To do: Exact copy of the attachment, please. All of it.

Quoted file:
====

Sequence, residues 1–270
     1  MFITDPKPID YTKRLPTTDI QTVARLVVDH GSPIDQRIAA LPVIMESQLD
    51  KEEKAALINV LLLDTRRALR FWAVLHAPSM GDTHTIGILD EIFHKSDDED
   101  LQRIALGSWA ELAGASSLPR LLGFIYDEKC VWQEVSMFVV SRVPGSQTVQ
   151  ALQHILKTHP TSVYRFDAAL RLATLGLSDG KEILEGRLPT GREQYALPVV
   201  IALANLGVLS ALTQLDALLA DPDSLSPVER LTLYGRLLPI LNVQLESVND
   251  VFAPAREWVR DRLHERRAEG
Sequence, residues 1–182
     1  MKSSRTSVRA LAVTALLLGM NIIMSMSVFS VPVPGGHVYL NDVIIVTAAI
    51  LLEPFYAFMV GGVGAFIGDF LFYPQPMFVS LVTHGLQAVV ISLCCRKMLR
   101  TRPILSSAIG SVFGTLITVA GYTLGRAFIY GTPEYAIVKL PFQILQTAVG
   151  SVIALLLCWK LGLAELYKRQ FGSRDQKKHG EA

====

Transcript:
Sequence, residues 1–270
     1  MFITDPKPID YTKRLPTTDI QTVARLVVDH GSPIDQRIAA LPVIMESQLD
    51  KEEKAALINV LLLDTRRALR FWAVLHAPSM GDTHTIGILD EIFHKSDDED
   101  LQRIALGSWA ELAGASSLPR LLGFIYDEKC VWQEVSMFVV SRVPGSQTVQ
   151  ALQHILKTHP TSVYRFDAAL RLATLGLSDG KEILEGRLPT GREQYALPVV
   201  IALANLGVLS ALTQLDALLA DPDSLSPVER LTLYGRLLPI LNVQLESVND
   251  VFAPAREWVR DRLHERRAEG
Sequence, residues 1–182
     1  MKSSRTSVRA LAVTALLLGM NIIMSMSVFS VPVPGGHVYL NDVIIVTAAI
    51  LLEPFYAFMV GGVGAFIGDF LFYPQPMFVS LVTHGLQAVV ISLCCRKMLR
   101  TRPILSSAIG SVFGTLITVA GYTLGRAFIY GTPEYAIVKL PFQILQTAVG
   151  SVIALLLCWK LGLAELYKRQ FGSRDQKKHG EA